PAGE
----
Track 10: Danger! Low Voltage!

One of the problems you may have noticed in previous videos is how far the fish head sticks out—not very far at all! I think it’s probably only 10-20 degrees, enough that the original Chop Suey video is funny, but nowhere near as far as an unmodified Billy Bass.

Applying the full 6V supply to the head/tail motor makes it stick out properly:

Billy Bass with its head stuck out, breadboard and various clutter in the background

So what’s going on?

The L298N motor driver is the culprit here. It uses a Darlington Pair transistor approach which ends up dropping ~1.4V between the supply and what’s actually sent to the motors, which in the Billy Bass significantly reduces their motion.

It actually has another problem as well in terms of the current it can supply. We are using it not only to drive the motors but also to provide a 5V output for the other electronics, but under heavy load, it often drops the 5V output low enough that the ESP32 board browns out, stopping the program.

There must be a better way, and there is. And it’s smaller and costs less, leading me to wonder why I ever went for the L298N in the first place! I guess it was a common enough hobby motor driver that many folks recommended it.

The replacement I’m using is a TB6612FNG (specifically a cheap AliExpress knock-off). The product name amusingly includes “Better than L298N”, so I am for sure not the first person to be in this situation! Its design allows the full drive voltage to get through to the motors, so the effect of the fish movement is much improved:

It doesn’t have its own regulator to produce 5V for the other boards, but we never really needed that anyway. Back at the start of the guide, we identified wires from the battery compartment that provided a potential difference across three cells rather than the full four—i.e. 4.5 Volts rather than the full six. 4.5V is within the supply range for the ESP32 Devkit and the MP3 player, so I chose to just use that instead.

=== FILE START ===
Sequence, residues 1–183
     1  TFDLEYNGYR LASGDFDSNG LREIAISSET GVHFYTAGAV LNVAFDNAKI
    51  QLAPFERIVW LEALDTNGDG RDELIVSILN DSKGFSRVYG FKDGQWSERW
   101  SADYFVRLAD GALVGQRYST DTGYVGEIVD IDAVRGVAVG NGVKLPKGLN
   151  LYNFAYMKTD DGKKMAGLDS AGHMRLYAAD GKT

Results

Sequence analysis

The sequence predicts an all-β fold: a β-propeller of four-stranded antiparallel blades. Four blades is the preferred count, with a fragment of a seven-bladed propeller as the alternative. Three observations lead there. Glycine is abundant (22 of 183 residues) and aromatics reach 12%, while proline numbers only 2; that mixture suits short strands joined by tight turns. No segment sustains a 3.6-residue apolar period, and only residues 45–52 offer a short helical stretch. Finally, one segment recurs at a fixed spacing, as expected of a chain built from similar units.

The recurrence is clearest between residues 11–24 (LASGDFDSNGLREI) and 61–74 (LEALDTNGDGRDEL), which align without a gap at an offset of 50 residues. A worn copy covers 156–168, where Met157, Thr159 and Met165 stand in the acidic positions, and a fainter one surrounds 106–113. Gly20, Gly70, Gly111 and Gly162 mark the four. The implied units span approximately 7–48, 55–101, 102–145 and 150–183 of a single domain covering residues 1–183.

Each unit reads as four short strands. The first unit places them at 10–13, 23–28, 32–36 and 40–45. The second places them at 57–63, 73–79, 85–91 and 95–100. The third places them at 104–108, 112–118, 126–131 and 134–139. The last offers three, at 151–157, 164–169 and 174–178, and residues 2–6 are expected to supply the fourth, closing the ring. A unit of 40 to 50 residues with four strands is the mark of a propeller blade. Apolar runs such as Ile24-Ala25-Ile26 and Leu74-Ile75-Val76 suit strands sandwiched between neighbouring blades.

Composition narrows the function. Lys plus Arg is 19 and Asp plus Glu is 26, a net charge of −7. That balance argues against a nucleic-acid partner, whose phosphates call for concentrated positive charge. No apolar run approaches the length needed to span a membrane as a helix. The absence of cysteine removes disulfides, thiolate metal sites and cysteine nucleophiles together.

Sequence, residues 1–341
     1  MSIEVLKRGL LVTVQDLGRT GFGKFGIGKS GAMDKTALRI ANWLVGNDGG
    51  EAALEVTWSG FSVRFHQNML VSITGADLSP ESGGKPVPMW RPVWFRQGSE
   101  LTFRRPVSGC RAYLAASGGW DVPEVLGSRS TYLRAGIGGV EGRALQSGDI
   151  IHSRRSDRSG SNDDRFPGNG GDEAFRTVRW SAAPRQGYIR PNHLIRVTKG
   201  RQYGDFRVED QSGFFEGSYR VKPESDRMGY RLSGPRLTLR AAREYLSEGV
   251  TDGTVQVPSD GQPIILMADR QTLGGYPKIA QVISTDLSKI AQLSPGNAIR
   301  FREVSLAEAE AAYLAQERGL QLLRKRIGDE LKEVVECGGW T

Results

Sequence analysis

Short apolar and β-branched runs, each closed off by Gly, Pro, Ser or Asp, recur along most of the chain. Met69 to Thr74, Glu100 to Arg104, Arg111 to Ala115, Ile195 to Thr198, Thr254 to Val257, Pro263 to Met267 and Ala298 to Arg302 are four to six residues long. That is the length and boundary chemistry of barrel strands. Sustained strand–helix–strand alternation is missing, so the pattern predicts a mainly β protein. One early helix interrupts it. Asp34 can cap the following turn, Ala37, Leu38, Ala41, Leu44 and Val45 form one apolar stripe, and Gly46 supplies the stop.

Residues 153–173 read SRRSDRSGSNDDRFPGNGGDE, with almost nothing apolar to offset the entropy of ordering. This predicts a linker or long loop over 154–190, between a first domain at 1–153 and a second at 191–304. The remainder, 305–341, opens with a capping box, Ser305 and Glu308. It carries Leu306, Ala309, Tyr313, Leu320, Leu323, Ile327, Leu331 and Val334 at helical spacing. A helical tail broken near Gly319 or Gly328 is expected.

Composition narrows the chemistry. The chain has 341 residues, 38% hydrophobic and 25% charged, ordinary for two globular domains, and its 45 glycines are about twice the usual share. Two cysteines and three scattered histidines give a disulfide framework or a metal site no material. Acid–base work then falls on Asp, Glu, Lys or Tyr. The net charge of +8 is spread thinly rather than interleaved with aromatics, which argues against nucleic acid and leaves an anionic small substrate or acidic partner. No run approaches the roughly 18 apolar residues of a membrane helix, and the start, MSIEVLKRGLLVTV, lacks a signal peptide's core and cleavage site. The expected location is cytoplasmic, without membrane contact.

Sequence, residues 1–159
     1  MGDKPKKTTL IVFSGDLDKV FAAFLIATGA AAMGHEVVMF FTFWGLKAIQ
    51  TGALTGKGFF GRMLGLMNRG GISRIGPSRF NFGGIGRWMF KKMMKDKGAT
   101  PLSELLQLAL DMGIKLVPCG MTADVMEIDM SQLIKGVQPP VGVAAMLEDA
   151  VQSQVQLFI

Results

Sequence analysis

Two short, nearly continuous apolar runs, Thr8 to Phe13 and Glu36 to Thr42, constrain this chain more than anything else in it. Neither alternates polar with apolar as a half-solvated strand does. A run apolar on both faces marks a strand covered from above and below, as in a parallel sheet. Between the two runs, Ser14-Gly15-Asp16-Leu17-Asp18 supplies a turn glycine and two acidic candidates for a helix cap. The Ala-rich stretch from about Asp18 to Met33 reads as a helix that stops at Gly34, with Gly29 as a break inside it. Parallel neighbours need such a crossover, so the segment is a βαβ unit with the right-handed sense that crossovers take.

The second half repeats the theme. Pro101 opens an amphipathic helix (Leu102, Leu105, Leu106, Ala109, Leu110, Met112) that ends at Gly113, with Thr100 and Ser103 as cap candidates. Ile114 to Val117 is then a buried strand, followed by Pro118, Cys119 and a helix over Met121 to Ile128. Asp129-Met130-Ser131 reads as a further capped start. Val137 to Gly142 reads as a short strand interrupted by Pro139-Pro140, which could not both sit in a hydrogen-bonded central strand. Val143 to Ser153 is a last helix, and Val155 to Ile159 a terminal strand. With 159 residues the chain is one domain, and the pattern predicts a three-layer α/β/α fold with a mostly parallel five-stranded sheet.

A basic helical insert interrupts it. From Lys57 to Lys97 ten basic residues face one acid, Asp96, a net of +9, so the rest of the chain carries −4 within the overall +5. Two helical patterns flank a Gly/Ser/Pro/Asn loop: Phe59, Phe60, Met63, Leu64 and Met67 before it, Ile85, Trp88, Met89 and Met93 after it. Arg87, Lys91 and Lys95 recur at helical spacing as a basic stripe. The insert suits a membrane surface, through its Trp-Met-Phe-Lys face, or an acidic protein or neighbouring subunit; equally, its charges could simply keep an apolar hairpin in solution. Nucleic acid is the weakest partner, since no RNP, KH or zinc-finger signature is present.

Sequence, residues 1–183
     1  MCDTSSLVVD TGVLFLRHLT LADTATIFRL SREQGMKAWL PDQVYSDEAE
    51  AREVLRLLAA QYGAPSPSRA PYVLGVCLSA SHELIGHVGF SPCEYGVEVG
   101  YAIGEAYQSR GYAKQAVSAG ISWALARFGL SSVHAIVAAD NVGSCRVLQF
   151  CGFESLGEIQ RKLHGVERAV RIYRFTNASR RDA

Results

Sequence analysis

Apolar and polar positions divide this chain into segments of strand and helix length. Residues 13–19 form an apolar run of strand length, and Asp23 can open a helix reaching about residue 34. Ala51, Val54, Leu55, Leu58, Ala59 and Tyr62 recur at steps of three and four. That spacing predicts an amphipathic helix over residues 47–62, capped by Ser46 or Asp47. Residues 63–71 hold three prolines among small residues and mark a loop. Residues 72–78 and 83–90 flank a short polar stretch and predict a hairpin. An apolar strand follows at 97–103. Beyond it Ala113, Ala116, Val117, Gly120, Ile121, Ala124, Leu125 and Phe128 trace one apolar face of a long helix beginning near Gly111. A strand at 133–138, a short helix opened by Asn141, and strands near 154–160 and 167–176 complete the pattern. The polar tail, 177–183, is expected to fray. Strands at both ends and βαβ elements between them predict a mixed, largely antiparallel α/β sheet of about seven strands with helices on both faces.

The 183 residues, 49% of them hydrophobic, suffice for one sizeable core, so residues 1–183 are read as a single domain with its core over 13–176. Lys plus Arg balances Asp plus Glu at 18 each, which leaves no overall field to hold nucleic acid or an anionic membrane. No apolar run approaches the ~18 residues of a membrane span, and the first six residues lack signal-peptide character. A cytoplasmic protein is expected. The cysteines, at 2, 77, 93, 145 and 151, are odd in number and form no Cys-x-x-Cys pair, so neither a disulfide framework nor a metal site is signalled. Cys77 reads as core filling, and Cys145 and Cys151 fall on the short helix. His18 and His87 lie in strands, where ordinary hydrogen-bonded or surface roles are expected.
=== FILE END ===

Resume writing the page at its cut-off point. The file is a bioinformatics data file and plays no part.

Finally, the TB6612 is just smaller and comes with standard PCB header pins underneath, making the whole thing much easier to slap on the breadboard.

Billy Bass with breadboard behind it showing the new set of components

The components are now as small as they’re reasonably going to get, which leads neatly onto the next stage—one final push to get the components back inside the fish, and improve robustness at the same time.

Bonus Software Updates

Over the past couple of weeks I have also made a few changes to the software. The major upgrade I wanted to make was supporting multiple songs, without having to re-flash different versions of the code.

To do this, I defined a new interaction, a long press of the button. This is used to change the track that will play when the button is short-pressed.

The code then includes all the lip-sync functions, and the SD card contains all the songs, both in the same order. The LED is used to indicate the number of the track that will play.

This is unfortunately incompatible with “sensor mode”, as reaching for the button to do a long press will almost certainly trigger playback based on the change in light level caused by the operator’s hand. “Sensor mode” therefore is set up only to play Phatt Bass, while in “normal mode” each of the loaded songs can be selected.

Finally on the software front, I have switched from the Arduino IDE to the IDE inside Visual Studio Code. This allows for better code completion, syntax highlighting, and other “proper IDE” features. I am still using the Arduino-ESP32 toolkit on the device to provide the familiar setup() and loop() methods etc., rather than moving to the underlying ESP-IDF toolkit.

The source code is now getting large enough that it’s difficult to keep including it on web pages, so I have moved it to Github. You can access it here:

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